Indonesian Brings Tintin to Life

Indonesian Brings Tintin to Life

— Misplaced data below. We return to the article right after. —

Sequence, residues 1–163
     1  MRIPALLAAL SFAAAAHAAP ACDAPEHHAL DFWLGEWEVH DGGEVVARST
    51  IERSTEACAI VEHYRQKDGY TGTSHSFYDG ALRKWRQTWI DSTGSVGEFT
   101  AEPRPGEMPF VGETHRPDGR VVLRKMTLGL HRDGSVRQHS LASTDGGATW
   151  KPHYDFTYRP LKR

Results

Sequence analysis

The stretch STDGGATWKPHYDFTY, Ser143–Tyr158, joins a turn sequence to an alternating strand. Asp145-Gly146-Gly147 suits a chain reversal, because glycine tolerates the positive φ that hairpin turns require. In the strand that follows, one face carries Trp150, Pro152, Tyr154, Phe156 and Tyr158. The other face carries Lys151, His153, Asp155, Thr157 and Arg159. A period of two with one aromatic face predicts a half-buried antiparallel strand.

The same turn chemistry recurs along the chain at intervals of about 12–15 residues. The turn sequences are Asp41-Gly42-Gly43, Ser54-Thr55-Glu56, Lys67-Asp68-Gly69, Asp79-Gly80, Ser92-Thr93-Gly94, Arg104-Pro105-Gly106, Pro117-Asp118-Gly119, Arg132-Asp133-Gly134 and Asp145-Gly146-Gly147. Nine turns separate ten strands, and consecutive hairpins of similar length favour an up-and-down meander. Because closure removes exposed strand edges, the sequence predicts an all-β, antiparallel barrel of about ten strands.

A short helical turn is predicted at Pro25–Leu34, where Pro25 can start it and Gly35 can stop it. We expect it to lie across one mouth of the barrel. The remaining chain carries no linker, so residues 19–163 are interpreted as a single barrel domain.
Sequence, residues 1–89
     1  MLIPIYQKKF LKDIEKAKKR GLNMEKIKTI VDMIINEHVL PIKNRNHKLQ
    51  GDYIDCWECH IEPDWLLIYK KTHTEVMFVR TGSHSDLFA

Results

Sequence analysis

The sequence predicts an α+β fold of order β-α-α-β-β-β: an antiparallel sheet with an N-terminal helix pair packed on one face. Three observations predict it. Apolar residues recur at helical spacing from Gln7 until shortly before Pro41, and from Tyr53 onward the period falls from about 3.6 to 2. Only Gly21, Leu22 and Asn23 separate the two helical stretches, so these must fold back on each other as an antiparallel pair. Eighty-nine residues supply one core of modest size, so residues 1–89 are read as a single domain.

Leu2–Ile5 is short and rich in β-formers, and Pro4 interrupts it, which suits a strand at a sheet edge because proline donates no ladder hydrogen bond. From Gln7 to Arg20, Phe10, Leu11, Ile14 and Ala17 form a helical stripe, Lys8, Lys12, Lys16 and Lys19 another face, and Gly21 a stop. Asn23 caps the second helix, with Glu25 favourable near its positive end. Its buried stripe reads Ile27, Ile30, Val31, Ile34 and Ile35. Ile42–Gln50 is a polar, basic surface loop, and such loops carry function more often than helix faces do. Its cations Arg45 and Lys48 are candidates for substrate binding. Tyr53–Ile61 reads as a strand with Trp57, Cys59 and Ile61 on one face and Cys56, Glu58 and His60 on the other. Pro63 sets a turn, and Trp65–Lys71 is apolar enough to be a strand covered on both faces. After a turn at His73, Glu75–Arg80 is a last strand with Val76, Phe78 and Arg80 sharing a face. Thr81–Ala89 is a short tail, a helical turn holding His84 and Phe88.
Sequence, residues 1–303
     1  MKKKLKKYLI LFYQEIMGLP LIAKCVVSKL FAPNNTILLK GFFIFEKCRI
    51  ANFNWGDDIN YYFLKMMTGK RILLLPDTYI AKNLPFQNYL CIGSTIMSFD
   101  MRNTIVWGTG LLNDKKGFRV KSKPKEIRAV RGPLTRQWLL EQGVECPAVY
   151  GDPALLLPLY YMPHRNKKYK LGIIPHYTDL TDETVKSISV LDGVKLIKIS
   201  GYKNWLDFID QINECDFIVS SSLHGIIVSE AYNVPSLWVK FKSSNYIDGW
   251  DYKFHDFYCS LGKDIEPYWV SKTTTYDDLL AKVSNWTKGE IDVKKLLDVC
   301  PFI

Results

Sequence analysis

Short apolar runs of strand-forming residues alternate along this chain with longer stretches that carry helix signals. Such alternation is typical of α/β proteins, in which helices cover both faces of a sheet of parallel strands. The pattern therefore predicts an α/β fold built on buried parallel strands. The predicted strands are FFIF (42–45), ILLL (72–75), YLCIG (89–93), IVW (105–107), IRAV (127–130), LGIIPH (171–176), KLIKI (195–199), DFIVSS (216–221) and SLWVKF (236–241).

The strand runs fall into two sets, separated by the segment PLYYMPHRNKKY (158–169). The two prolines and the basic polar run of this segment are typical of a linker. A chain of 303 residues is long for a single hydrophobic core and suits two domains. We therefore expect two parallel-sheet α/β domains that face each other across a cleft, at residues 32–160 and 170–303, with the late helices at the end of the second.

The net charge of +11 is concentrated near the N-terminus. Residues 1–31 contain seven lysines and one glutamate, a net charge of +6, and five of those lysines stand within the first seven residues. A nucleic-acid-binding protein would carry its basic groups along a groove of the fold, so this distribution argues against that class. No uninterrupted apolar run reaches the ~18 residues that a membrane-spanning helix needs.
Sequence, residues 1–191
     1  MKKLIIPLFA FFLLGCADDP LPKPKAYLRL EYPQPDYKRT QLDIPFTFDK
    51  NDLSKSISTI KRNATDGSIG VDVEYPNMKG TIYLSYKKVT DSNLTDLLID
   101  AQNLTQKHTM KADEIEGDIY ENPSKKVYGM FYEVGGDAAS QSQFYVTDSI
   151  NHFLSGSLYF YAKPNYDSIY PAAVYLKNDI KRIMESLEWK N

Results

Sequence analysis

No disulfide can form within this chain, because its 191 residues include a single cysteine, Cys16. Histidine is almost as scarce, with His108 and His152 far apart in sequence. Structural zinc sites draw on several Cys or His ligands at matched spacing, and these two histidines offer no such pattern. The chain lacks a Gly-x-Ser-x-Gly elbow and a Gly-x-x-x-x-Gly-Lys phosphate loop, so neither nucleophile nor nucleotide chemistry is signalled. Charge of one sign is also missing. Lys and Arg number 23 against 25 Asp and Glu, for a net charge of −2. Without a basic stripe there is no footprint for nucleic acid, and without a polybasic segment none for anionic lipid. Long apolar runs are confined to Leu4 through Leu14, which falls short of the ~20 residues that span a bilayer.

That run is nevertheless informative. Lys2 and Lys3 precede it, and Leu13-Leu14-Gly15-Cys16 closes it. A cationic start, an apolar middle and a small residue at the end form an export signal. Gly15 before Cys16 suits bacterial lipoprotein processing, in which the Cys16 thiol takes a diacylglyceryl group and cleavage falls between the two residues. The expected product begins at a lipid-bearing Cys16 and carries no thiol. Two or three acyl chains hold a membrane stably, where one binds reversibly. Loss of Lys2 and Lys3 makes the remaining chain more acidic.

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It takes whole teams of people to create the subtle details of animated characters in movies. The redness of cheeks, the hairs on necks and the expressiveness of eyes are all the result of armies of digital laborers whose collaborative efforts create movie magic but whose names are buried deep in the credits. The animators are often the unsung heroes. But it’s a labor of love, and for Rini Sugianto, going into animation was probably one of the best decisions she could have made. Now she has made a career out of her passion, which earned her a job animating for Steven Spielberg’s film “The Adventures of Tintin: Secret of the Unicorn.” “I always consider myself lucky because I am able to work on something that I love,” Rini said. “Animation is a tough industry, but if you are passionate about it then it is a great, fun job.” Having grown up with the classic Belgian comic book “Tintin,” the 31-year-old jumped at the chance to work on the feature film even though it meant she would have to move across the Pacific Ocean to Wellington, New Zealand. That’s where Weta Digital, “Tintin” producer Peter Jackson’s animation company, was located. “I was working in Los Angeles when a friend of mine asked me if I wanted to apply to Weta,” Rini said. “So, I applied, and to my surprise, I actually got a call back. After two weeks of talking back and forth, I finally decided that it was time to pack up and move to New Zealand.” Jackson co-founded Weta in the 1990s, and the company supplied the special effects for the “Lord of the Rings” trilogy and “King Kong.” For Tintin, Rini worked as a character animator. “I had to animate all the characters that are in the shots,” she said. “In Tintin, I worked on 70 shots, so I think that covers all the characters in the movie.” As one of 80 animators from around the world, Rini’s work on “Tintin” lasted a little over a year. Rini was one of four Indonesians working at the company. “One of the things I like about Weta is that the people are very diverse,” Rini said. “And I worked with almost everyone in the company from different departments because it was a collaborative project.” To some extent, that collaboration included the director. Each week during production, Rini saw the director review with Spielberg via a copy of the video conference. “Unfortunately I could only see him on screen,” Rini said. “Only the visual effects supervisors got to interact with Spielberg directly. But working for him definitely made me nervous, and the pressure was there. You always wanted to do a good job and hear him say, ‘Great animation! It’s approved!’ “I love working for him because he definitely knows what he wants and how he wants it. His notes were always clear. He’s a great director.” One of Rini’s biggest challenges was animating the characters that Georges Prosper Remi, best known as Herg, the writer and artist of the “Tintin” series, had famously created. “The comic is very close to a lot of people, so I had to take that into consideration,” she said. “The images of the characters were there, and I couldn’t go too far from it. But the animators were allowed to be creative as long as they were approved by the decision makers.” Members of the production team had the chance to watch the finished project together at Embassy Theater in Wellington last month. “It was great, the vibe was awesome and seeing my name on the big screen was super exciting too,” Rini said. “It’s been a great experience coming to New Zealand and working at Weta. I’m also a very outdoors-y person, so I knew I would love the country’s nature. All the stories about the country’s beauty are true.” Rini grew up in Teluk Betung, Lampung, and her childhood revolved around sports. She was a swimmer throughout elementary and middle school. Her introduction to art came in the form of comics. “My brother and I didn’t grow up around the arts, but we certainly loved comic books, and there was an abundance of them at our house,” Rini said. The animator graduated from Parahyangan University in Bandung with a degree in architecture. She worked at a firm in Jakarta that produced 3-D presentations for clients; that was her first taste of the world of computer graphics. Eventually, Rini’s interest took her to the Academy of Arts in San Francisco. “When I was at school, I realized there were many aspects of 3-D, so I decided to focus on animation after I took my first class on Maya 3-D animation software,” Rini said. “At the end of the semester, I asked my teacher which area he thought I was most successful in. He suggested that I focus on animation. I’m glad I followed his advice.” When Rini started studying digital animation in the United States, she felt she was behind her classmates. Most of them already had experience in the field and a solid background in the craft. That made Rini feel like she needed to work harder to catch up with her peers. “I think the main difference between the animation industry in Indonesia and the United States is in the foundation of it,” Rini said. “A lot of schools in the States try to give students a solid foundation, so when they start doing their own project, they already have a good base. “In Indonesia many animators seem to be missing the basics. You can’t learn to run before learning how to walk. But I do think Indonesian animation has the potential to be a good industry. Other Asian countries can do it. Why can’t we?” Rini looks forward to doing more movies with Weta. She is currently working on “The Avengers,” which will be released next year. “‘Tintin’ was definitely a stepping stone for my career, it’s my first movie job and I’m hoping to do more,” Rini said. Taken from: The Jakarta Globe

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